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Photo: Suzanne Alibert
What's it's like to leave your home behind and spend months visiting very nearly every country in Europe? E&M editor Rosamund Mather speaks with Suzanne Alibert about her project "Europe Next Door" and how it helps promote European values and reach out to young people in Europe.
E&M: Hello Suzanne! Could you briefly explain what exactly the project "Europe Next Door" is?
Suzanne Alibert: It’s a tour of Europe to meet young Europeans. I will be visiting 26 countries in the EU, plus Turkey and Iceland. During my travels, my aim is to see what the situation for people is like in each country and what they think about the European Union. I’m writing articles on my website during my trip, and when I’m back in France, I will write a book and do some conferences and photo exhibitions.
In this week's edition of Good Reads, the new editor of Sixth Sense Nicoletta Enria shares some articles about reversing gender stereotypes in Lithuania, the "rescue" mission Triton in the Mediterranean and the importance of appreciating street names when visiting a city.
Nicoletta, Sixth Sense editor
"They won the lottery"
The tense geopolitical atmosphere in Lithuania due to the Russian-Ukrainian conflict has meant that the government has reintroduced conscription, which had been previously outlawed in 2008. I found this article from the Guardian’s Nadia Khomami particularly interesting, as it deals with a moving photography project by Lithuanian photographer Neringa Rekašiūtė and actor and TV host Beata Tiškevič-Hasanova in response to the reintroduction of conscription entitled "They Won the Lottery".
The photographs are truly arresting, portraying men in tears as a result of having been called up. However, what I found most fascinating is the reversal of male gender stereotypes, whereby the men in the photographs appear to be crying due to societal pressures for them to “man up” and not be cowards in the face of conscription. This piece casts a light on the rigid male stereotypes in Lithuania, which can be compared to those of many other European countries, and the aims of the project are to subvert and criticise them.
This month Alice Baruffato continues her series of cartoons for E&M and focuses on an evergreen European topic, alias the UK and its relationship with Europe. Following the general elections' results, David Cameron has re-confirmed himself as the leader of an island that seems to be sceptical about its future presence within the Union. To renegotiate the right of freedom of movement across Europe and to stop (il)legal immigration still appear to be top priorities in 2015 UK. But can Cameron stop the European train? Is it really worth it?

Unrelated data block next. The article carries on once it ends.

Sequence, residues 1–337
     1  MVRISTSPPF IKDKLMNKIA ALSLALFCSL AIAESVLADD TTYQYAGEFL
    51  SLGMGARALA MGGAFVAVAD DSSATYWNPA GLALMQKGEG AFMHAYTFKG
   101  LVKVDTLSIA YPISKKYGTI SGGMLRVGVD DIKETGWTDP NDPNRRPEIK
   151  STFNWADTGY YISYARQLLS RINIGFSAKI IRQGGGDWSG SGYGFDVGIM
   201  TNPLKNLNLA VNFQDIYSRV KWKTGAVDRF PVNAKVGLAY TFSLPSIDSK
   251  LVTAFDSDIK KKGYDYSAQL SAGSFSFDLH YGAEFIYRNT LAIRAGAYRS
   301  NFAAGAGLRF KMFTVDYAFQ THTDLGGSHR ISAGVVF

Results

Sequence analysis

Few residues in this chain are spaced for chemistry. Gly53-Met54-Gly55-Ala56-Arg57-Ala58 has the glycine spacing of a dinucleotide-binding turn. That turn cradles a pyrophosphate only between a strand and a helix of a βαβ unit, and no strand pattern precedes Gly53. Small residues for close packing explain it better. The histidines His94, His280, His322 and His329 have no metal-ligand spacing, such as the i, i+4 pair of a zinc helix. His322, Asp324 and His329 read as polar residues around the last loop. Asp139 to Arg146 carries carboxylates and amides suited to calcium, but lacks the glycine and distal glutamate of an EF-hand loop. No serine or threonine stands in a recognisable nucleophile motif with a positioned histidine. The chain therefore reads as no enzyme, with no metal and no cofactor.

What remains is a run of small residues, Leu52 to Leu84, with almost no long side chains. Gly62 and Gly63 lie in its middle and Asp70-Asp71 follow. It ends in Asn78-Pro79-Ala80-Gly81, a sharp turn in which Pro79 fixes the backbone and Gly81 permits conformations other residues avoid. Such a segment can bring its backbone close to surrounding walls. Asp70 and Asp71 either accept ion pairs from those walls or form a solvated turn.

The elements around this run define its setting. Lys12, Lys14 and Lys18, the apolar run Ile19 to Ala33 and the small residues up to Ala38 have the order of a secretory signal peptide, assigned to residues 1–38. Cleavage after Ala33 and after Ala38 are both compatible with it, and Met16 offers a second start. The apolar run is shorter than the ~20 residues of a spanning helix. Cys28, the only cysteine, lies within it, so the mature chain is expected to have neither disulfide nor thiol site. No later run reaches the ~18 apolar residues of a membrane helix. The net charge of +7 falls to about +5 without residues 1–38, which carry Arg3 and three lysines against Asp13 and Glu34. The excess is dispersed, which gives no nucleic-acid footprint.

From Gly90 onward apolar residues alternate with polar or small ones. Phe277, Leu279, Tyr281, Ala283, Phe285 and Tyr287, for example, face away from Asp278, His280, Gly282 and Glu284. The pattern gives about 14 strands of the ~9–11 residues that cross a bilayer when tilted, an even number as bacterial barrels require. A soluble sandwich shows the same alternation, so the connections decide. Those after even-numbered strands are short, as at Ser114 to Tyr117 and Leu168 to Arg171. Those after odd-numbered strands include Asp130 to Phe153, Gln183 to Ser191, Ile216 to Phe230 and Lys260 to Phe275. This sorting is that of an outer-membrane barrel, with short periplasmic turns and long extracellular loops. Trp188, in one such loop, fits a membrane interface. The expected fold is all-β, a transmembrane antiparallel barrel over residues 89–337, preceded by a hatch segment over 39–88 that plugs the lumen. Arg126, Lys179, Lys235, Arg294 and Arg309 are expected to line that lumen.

Photo: Christian DiemerIdyll with an egg-yellow Lada, on the shores of the Dnipro-Donbass canal.
In the final part of his exclusive series for E&M, Christian Diemer travels to Sakhnovshchyna in eastern Ukraine, where celebrations are also taking place to mark the anniversary of the village’s liberation during the Second World War. The atmosphere proves, however, to be very different from that of nearby Lozova, and just 150 kilometres to the east, war is again darkening Ukrainian skies.
At seven in the morning, Anna knocks on my door. I am supposed to be taking the elektrychka [regional train] from Lozova to Sakhnovshchyna at 8:46 a.m. Sakhnovshchyna, a small town with around 9,000 inhabitants in the Kharkiv region, is 50 kilometres from Lozova. The Red Army took a day to get there. Consequently, Sakhnovshchyna celebrates its city holiday one day later than Lozova.
But my friends have thought things over during the night. "It is written in your face that you are a foreigner", says Anna. "Times have changed. The war has attracted bad people to our region. It is dangerous for you to go by elektrychka. I will drive you to Sakhnovshchyna."
"Are you afraid to drive with me? I can drive. Only my car is very old." Actually I am quite OK with having company. Anna has a cheerful, vivid voice and laugh. And I immediately fall in love with her car. An egg-yellow Lada, ordered back in the 70s by some relative with good party connections. I can adjust the angle of my seat with a screw. When Anna brakes, my seat slides forward. However fast she drives, the speedometer stubbornly points to 0. And Anna goes fast, hammering over the potholes and crevices, slowing a little or pulling around hard only for the meanest traps. And I understand why this car is made for those roads. It swallows it all, uncomplainingly. "We don’t need a speedometer or a safety belt. These streets are our safety belt, our built-in speed limit. No one can go too fast on them anyway."